high precision mathematics
Paul Rubin
phr-n2002a at nightsong.com
Sun Feb 17 08:45:51 CET 2002
Tim Roberts <timr at probo.com> writes:
> And the original poster should understand that this is true because such
> systems are of little practical use. There are very, very few physical
> processes where floating point is useful AND precision of more than 6
> significant digits is really required. Large integers can be useful (and
> Python supports them), but a requirement for high precision floats is
> usually a sign that the requirer does not understand his problem space.
If that were really true, computers wouldn't bother implementing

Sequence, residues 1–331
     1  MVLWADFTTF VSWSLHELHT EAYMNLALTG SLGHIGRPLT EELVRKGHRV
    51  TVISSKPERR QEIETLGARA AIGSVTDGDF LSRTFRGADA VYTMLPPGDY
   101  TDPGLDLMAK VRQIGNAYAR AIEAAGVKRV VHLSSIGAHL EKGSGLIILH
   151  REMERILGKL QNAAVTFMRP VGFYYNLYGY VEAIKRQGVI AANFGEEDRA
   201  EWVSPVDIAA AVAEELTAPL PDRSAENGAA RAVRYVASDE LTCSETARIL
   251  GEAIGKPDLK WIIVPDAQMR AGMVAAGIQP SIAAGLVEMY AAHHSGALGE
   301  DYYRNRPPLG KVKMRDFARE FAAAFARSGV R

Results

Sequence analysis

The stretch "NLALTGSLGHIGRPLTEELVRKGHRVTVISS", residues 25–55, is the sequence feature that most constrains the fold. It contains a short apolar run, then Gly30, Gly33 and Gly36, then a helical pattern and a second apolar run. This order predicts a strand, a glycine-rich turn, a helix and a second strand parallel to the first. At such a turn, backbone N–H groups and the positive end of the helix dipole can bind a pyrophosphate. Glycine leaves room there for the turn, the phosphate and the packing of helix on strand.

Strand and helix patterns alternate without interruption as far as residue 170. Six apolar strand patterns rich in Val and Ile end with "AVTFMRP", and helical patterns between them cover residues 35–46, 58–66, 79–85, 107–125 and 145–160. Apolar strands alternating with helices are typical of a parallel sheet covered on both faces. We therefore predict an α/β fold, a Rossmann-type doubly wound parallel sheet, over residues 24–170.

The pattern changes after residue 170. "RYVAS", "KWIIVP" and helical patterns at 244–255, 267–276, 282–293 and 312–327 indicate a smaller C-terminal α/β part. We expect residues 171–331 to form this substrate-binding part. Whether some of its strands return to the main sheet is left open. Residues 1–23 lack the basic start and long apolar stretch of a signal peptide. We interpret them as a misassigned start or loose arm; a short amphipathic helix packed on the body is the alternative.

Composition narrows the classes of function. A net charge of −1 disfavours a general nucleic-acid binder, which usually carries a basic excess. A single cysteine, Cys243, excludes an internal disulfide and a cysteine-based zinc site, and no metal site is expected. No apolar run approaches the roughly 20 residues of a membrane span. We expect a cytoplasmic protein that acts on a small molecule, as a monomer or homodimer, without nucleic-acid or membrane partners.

double and extended precision. Those features are there for a reason,
which is that they are needed.
If you try to (say) solve a near-singular matrix with single precision
and a numerically unstable algorithm, your answers can come out
totally bogus (all digits incorrect) even if the inputs started with 6
accurate significant figures. You can then either spend years of your
life studying numerical analysis so you can design algorithms with
ultra-careful error control and get good answers with single
precision, or you can just run your program with double or extended
precision arithmetic and get good answers right away by just burning a
little more computer time.
If all you want is to get good answers, it's often easier to crank up
the precision and let the machine do the work.
See for example
http://www.cs.berkeley.edu/~wkahan/JAVAhurt.pdf
which mostly is a rant against Java for not implementing IEEE extended
precision arithmetic, but discusses the precision issue from a number
of perspectives.
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